Housing Preferences across Generations (Part I)


NAHB recently released its latest study tracking the evolution of home buyer preferences, titled Housing Preferences of the Boomer Generation: How They Compare to Other Home Buyers.   The study answers key questions on how various designs influence the home purchase decision as well as the location, features and size of the home consumers want.  Based on a nationwide survey of over 4,300 recent and prospective home buyers, results are tabulated for all home buyers as a single group and also across these four generations:   Millennials (born 1980 or later), Gen X’ers (born 1965-1979), Baby Boomers (born 1946-1964), and Seniors (born 1945 or earlier).

So what features do most buyers consider essential/desirable in a potential new home? Answer:  those that help them save energy and keep the home organized. ENERGY STAR® appliances and windows, insulation higher than required by code, a laundry room, garage storage, and a walk-in pantry are features that would positively influence the purchase decision of 80% or more of all home buyers.  Also high on buyers’ most wanted list are exterior lighting, a patio, a full bath on the main level, and hardwood on the main level of the home.

most wanted

There are some similarities and some differences in the “Most Wanted List” across generations. For example, the laundry room is key to all home buyers, ranking as the first most wanted feature among Millennials, Gen X’ers, and Seniors, and third among Boomers. Exterior lighting and ceiling fans are also important to all buyers, appearing on the top 10 list of all generations.

Interestingly, Energy Star® rated appliances are popular among all groups, but Millennials rank it as 10th most wanted, whereas Gen X’ers, Boomers, and Seniors rank it first or second.  In addition, Millennials are the only generation to have three outdoor spaces in their top 10 list: a deck, a patio, and a front porch.  The deck does not appear in the top list for the other three generations, while the front porch falls out of the top 10 for Boomers and Seniors.BLog tables 1

Understanding what features are best not to include in a typical home and community is just as critical as knowing what buyers do want. In addition to giving buyers the option to rate features as essential or desirable, the survey also allowed them to rate them as indifferent (wouldn’t make any difference) or ‘do not want’ (not likely to buy a home if included).  At least 40% of all buyers gave 12 features the latter rating, with an elevator, a pet washing station, and a wine cellar in the lead as the most likely to be rejected.Most Unwanted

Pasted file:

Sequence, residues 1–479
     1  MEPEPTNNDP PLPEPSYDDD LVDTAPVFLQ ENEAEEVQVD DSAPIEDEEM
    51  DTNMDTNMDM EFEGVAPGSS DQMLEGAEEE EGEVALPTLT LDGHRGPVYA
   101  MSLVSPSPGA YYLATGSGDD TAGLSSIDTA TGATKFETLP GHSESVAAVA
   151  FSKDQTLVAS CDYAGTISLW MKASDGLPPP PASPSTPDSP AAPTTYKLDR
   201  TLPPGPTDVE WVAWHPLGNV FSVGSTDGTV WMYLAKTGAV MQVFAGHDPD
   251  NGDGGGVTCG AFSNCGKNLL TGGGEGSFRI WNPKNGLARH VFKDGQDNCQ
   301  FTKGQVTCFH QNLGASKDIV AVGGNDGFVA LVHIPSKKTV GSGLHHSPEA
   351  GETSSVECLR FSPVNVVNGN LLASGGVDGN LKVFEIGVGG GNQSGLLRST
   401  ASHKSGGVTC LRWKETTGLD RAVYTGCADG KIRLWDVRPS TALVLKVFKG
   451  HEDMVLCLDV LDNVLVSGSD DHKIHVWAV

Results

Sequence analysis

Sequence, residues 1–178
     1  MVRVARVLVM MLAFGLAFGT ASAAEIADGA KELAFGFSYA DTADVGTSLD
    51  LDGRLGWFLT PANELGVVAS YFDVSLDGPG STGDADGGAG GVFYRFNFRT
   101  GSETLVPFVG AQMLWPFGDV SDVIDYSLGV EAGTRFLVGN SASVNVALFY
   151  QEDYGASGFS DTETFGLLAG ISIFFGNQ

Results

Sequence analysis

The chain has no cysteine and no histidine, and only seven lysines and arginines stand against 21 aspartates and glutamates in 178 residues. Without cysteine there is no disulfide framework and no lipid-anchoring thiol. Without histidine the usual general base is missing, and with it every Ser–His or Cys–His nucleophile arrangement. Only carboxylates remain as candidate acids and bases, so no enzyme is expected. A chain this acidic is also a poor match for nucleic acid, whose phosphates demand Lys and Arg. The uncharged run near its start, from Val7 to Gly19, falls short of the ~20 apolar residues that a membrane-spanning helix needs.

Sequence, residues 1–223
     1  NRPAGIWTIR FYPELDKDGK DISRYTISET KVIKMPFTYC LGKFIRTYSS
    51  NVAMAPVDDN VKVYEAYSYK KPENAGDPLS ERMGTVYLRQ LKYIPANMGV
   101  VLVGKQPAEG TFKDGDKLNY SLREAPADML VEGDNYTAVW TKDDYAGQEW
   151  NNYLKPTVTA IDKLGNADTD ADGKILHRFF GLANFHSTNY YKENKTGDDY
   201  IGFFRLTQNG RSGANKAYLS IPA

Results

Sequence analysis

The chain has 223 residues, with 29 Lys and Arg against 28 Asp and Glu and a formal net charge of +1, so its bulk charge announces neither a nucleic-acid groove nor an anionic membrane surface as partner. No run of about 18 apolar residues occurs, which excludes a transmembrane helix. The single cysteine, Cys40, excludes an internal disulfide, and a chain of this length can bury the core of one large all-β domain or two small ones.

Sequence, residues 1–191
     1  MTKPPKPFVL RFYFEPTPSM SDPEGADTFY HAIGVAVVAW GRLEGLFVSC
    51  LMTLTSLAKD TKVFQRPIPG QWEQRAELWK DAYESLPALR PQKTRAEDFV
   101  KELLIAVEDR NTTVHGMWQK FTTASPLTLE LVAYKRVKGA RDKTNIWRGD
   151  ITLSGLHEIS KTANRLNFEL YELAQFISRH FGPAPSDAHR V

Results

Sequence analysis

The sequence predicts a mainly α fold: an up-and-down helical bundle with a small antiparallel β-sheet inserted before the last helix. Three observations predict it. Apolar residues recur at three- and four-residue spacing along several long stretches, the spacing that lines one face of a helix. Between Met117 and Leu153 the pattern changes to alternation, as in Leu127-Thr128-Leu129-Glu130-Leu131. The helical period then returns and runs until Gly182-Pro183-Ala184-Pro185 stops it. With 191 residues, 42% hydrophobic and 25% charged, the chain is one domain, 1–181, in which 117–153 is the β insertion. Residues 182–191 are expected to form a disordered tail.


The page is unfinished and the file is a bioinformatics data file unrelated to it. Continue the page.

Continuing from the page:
The elevator is unpopular with all generations. In fact all, except Seniors, rate it as the most unwanted of all 150+ features listed.  For the oldest cohort, it is third on that list, after a daycare center in the community and a pet washing station.  Other features rejected by a significant share of buyers across age groups include a golf course community, cork flooring on the main level, a wine cellar, and the pet washing station.

Interestingly, two story foyers and family rooms are more likely to be rejected by older buyers than younger ones: both of these features appear on the most unwanted lists for Boomers and Seniors, but not for Millennials or Gen X’ers.

BLog tables 2

This blog post is the first in a series that will explore findings from Housing Preferences of the Boomer Generation: How They Compare to Other Home Buyers, covering topics such as the home size and number of bedrooms desired by different generations.  A more complete article on the findings is also available here.

Note: This study was sponsored by Reverse Mortgage Funding (RMF) and Beazer Homes.

3 replies

  1. I wish you would build smaller homes, with different styles. All the exteriors look alike. I like the Storybook style exterior. I only need about 1400 feet of living space………a large bedroom and open floor plan. I live in a split level with a large office below. I never use it; never use the basement, but I love my washer and dryer next to my upstairs bedroom. I’m a baby boomer and am planning to move into a smaller home.


  3. Every helpful when focusing on specific homes for various age buyers I work with as well as directing my marketing efforts on listings to buyers that value certain features.

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